Here’s how you would set Cache-Control with a max-age using an .htaccess file.
Header set Cache-Control “max-age=2592000”
The above code would set every file type to be cached for 30 days. You could, if you prefer, set the specific types of files to cache.
Header set Cache-Control “max-age=2592000”
The code above says to cache each of the file types listed (.css, .jpg, .jpeg, etc.) for 30 days. You can also set different types of files to remain cached for different lengths of time.
Header set Cache-Control “max-age=31536000”
Header set Cache-Control “max-age=2592000”
In the code above several types of images are set to be cached for a year, while .css and .js files should remain cached for 30 days.
The max-age directive is probably the most important one to set, but it’s not the only one you can or likely will set.
The public directive says that the response can be cached by any cache (browsers, proxies, etc.) even if it wouldn’t ordinarily be cacheable. Technically you don’t need to specify Cache-Control as public since it’s the default and is implied once you set a max-age, but it’s typical to set it.
Header set Cache-Control “max-age=2592000, public”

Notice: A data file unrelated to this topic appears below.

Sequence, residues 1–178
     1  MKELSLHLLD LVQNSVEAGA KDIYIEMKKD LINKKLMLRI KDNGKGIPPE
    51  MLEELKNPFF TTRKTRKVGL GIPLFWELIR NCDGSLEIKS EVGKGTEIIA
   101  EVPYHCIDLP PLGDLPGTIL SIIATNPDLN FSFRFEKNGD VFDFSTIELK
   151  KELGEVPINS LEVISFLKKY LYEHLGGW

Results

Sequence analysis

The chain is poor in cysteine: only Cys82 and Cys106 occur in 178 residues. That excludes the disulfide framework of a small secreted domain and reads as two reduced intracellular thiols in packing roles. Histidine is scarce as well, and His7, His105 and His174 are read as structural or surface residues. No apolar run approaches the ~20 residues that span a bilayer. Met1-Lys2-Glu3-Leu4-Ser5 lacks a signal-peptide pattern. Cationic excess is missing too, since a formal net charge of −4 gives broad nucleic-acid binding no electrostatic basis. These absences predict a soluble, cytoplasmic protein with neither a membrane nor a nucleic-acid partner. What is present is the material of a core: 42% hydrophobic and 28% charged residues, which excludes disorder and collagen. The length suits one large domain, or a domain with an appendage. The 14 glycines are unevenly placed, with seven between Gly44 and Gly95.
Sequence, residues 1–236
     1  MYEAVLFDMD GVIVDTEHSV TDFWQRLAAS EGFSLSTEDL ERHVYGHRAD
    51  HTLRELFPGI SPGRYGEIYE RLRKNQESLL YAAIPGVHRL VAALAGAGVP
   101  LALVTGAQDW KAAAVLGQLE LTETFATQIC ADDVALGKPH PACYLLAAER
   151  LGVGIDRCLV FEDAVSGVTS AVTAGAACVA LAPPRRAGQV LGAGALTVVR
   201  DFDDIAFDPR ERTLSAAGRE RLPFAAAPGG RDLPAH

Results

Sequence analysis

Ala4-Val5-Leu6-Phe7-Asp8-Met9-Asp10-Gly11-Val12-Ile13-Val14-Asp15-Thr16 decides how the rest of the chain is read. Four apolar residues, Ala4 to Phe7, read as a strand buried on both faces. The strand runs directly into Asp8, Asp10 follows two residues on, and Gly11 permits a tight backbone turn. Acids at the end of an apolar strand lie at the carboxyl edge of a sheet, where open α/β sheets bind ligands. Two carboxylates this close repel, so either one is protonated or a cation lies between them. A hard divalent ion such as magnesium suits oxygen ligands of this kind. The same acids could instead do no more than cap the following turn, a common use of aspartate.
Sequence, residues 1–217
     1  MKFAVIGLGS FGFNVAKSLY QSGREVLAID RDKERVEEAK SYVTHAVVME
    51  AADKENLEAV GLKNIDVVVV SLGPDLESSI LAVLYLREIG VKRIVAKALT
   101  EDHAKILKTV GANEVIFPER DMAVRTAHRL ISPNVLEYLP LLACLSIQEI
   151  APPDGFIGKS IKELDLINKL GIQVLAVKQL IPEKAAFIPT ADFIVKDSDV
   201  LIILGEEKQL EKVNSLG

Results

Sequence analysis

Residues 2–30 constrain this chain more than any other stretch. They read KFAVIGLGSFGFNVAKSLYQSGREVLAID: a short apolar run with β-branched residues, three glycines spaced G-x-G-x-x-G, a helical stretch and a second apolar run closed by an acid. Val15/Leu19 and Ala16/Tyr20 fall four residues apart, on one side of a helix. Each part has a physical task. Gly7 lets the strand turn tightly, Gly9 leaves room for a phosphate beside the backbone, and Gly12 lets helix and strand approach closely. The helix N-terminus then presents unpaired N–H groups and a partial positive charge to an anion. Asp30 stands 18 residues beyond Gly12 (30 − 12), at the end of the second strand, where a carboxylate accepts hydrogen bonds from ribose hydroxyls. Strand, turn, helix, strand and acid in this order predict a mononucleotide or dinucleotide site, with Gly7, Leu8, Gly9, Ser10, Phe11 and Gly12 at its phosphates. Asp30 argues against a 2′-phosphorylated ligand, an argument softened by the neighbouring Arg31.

A corresponding private directive means the response is specific to a single user’s browser and not the the general public. Resources could be cached by the client, but not intermediate proxies.
Header set Cache-Control “max-age=2592000, private”
The no-cache directive indicates that the client needs to first check with the server before using a cached resource. It doesn’t mean the resource isn’t cached at all, but that the client must check with the sever first to make sure it hasn’t changed.
Header set Cache-Control “no-cache”
If you don’t want something cached at all, you want to use the no-store directive, which explicitly disallows any cache from storing the resource.
Header set Cache-Control “no-store”
Those are probably the directives you’ll use most often, but there are more. Instead of listing them all here though, I’ll point you to The Mozilla Foundation’s page on Cache-Control.